Last three weeks in Boca Pariamanu
Finally, the wet season starts to be noticed. The occasional downpours become more and more frequent. I get myself caught out in the rain quite often, and in the rain forest, even the most advanced piece of clothing won’t keep you dry. Gore-Tex or not, you might as well give up: you’re gonna get soaked.
As Mark leaves for a bit on a short well-deserved vacation, I am to keep myself busy with other activities. Since the caiman team has just started up to begin researching the crocodilian population around Boca, I spend a lot of time capturing their search for the prehistoric looking creatures. Taking photographs for Fauna’s Facebook page is another one of my concerns. After Mark comes back for a short while, he leaves his equipment with me to continue light box work on any new species I find. Night walks for capturing species, morning shoots and releasing now comes down to me and Allie, Mark’s other intern. And I have to say: we do a pretty good job. Among the new species we light box are the mottled clown treefrog (Hyla sarayucensis), the Amazon horned frog (Ceratophrys cornuta) and even the spectacled caiman (Caiman crocodillus, although some help was required for this guy). I do a lot of shooting for myself as well, now being fully comfortable in the jungle environment. I stop wearing bug spray, I stop caring about getting my socks and pants wet, and I couldn’t care less about pulling some worms out of my foot. We’re all connecting more with the community, playing volleyball almost every day and an occasional game of soccer (only when it’s chilly enough to not sweat profusely). For me, this makes the prospect of leaving this place harder and harder to cope with.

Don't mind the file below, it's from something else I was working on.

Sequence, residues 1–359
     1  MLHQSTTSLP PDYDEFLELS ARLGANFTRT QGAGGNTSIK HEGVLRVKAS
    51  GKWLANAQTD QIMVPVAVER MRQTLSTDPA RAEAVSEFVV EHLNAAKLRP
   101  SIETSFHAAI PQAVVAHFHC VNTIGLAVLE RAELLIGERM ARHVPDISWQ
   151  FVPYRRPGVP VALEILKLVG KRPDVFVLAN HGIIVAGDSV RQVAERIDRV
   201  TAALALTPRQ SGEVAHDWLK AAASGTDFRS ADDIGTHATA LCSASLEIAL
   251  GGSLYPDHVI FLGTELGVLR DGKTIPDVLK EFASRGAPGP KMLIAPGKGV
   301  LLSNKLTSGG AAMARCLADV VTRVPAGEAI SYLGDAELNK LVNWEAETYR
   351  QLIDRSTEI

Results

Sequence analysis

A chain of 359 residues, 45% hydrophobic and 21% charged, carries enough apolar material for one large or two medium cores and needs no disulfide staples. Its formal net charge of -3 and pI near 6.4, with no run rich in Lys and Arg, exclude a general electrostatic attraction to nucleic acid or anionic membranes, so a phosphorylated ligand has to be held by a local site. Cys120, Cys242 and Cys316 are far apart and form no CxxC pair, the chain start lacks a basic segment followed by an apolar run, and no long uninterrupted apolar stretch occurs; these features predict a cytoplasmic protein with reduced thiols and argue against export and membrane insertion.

On one of my last days in Boca, I’m going out again with Mark to release some reptiles and amphibians we captured the night before. Even though it’s pouring down, I’m optimistic and bring a tripod and my camera in case it stops raining. Unfortunately it doesn’t, and we’re forced to release the animals without getting any pictures. As we’re walking back to camp, an incredibly bright flash of blue light illuminates the dark sky. Without any delay, a violent explosion of sound, the loudest noise I’ve ever heard, comes crashing through the raindrops. We dive to the ground and I drop the metal tripod. We crouch on the floor, with our rubber boots hopefully insulating the potential path of lightning through us. As the thunder fades away, we stand up and race back to the town. Though we laugh about our experience, we’re shaken out of our wits and smell a strong scent of burnt earth. Mark later describes it as ‘Gandalf the White coming down from the sky’. We’re very lucky that the lightning didn’t hit us, but missed us by around 10 meters.
After surviving a bullet ant infestation, seeing (and smelling) a huge pack of white-lipped peccaries and having a tarantula walk on my face, I’ve grown quite attached to the place. On November 21th, I have to leave at last. I’m going back to LPAC to participate in the Forest Ranger Program with ARCAmazon. But not before saying goodbye to everyone and taking a small party with me to Puerto. Little did I know I would be back sooner than I expected.